City gets moving on transit ideas
Leaders from across the country will swap transit information from their communities today in a daylong symposium at the Blaisdell Exhibition Hall.
Through the city's second Honolulu Transit Symposium, city officials hope to learn about other communities' transit systems as preliminary studies continue for Honolulu's planned fixed guideway system from Kapolei to Ala Moana Center.
The symposium will also feature leaders from transit agencies in Denver, Los Angeles and Utah who will talk about creating transit systems, encouraging business and community development, and building transit-oriented development.
Nine years after the proposal of a starter light rail system in Norfolk, Va., Michael Townes, president and chief executive officer of Hampton Roads Transit, recently signed a contract with the Federal Transit Administration, securing hundreds of millions of dollars in funding for its long-awaited project.
"If we can get it passed, the 31st-largest metropolitan area in the nation, get the FTA to support our project, you all can do it," Townes, one of the symposium's key speakers, said yesterday in an interview. "We hung in there. If you believe in what you got, then stick with it."
Townes said the greatest challenge for Norfolk's transit system was support from the FTA. However, Honolulu would be in a favorable position to received federal funds since it is deemed nationally as one of the best transit corridors.
"We want (transit) to have substance in the national debate," said Townes, who is also the leader of a nonprofit organization, the American Public Transportation Association. "The more communities that understand and invest in this, the more it will have legs on the national level."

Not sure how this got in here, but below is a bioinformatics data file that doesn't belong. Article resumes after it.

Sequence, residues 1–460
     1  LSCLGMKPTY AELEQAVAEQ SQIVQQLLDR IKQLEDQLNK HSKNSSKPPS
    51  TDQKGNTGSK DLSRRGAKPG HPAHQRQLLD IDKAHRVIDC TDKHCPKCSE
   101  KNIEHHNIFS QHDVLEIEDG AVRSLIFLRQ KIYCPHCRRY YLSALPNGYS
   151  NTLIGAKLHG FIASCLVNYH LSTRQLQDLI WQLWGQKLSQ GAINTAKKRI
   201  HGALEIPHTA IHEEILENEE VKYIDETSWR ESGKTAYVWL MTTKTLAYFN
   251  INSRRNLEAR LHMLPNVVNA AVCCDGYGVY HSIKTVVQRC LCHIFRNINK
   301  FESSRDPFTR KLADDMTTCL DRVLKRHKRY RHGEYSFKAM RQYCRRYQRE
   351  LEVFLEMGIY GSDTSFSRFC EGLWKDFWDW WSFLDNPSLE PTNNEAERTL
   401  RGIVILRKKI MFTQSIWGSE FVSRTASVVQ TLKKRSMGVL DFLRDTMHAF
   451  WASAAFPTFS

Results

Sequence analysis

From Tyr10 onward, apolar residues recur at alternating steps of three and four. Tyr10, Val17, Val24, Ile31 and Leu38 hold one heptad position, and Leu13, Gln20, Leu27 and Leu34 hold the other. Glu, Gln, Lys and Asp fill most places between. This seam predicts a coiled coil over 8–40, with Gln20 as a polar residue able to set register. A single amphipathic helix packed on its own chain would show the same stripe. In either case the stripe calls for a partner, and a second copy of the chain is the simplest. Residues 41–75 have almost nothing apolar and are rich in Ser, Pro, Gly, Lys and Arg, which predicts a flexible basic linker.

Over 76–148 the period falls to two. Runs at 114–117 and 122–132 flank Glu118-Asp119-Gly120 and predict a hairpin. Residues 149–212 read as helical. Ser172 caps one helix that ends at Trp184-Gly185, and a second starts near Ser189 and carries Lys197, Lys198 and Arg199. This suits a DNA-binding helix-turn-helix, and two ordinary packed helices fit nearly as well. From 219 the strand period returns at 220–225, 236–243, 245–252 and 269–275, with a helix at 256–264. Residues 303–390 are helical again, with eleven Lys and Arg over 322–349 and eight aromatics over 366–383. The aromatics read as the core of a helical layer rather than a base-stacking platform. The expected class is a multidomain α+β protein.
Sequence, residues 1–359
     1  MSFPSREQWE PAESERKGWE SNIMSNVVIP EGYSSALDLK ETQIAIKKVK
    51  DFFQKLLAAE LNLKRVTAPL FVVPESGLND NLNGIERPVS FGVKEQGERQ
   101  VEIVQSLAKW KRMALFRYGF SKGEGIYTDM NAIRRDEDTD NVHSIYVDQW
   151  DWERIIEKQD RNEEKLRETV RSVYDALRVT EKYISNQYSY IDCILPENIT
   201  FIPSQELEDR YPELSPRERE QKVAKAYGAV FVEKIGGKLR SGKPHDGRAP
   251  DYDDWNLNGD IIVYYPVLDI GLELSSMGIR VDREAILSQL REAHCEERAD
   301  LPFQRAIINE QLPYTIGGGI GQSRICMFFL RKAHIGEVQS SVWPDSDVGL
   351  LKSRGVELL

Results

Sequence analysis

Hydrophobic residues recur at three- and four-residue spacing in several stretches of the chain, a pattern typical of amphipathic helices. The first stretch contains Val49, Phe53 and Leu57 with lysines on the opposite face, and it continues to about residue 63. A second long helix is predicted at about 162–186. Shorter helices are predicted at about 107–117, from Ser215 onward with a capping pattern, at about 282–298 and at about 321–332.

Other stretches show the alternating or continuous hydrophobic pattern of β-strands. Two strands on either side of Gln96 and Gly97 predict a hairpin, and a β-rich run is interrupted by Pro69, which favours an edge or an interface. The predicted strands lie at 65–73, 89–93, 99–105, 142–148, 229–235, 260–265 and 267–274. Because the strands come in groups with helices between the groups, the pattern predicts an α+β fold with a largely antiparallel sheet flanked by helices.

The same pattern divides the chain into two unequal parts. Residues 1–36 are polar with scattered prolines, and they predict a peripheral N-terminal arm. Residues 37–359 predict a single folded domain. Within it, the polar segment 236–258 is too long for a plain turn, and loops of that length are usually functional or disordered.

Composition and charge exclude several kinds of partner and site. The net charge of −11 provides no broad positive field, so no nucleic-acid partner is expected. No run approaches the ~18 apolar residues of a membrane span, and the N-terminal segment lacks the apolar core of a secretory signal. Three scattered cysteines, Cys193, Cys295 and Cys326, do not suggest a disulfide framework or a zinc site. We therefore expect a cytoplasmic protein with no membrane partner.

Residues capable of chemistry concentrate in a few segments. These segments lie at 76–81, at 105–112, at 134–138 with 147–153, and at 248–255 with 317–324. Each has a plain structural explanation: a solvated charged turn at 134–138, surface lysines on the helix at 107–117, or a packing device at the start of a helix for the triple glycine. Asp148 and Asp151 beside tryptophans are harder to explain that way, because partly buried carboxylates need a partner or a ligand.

Mayor Mufi Hannemann, a fixed guideway rail supporter, has said city officials want to learn what works in other cities and what does not.
Another panelist today, Nathaniel Ford Sr., head of the San Francisco Municipal Transportation Agency, said having a single agency that oversees virtually all decisions relating to transportation is efficient and effective in improving transit.
"Our model of having a single agency responsible is definitely a plus," Ford said yesterday. "It eliminates some of the competing agendas."
Honolulu has yet to decide on the technology for the fixed guideway system, with the city administration favoring rail while some councilmembers are pushing for a bus system. This would have a bus, which resembles a train but with rubber tires, ride on the raised guideway system that could also be used by emergency vehicles when necessary.
"Mass transit doesn't have to be about rail if we can accomplish the same thing with an alternative that's substantially cheaper," said Councilwoman Ann Kobayashi. "I hope (the panelists) will look at these alternatives and not talk only about rail."
Others are more skeptical about the cost of the fixed guideway system, with costs estimated as high as $5 billion.
"My major concern on transit is the cost," said Council Chairwoman Barbara Marshall. "So far, I haven't been convinced that bus fixed guideway is any cheaper than rail. I just want to make sure we're exploring all the options."
Waipahu station to be discussed
The city will hold the second transit-oriented development public meeting at 6:30 p.m. tomorrow at Waipahu Elementary School, 94-465 Waipahu St., to get input from residents on a planned station in their community.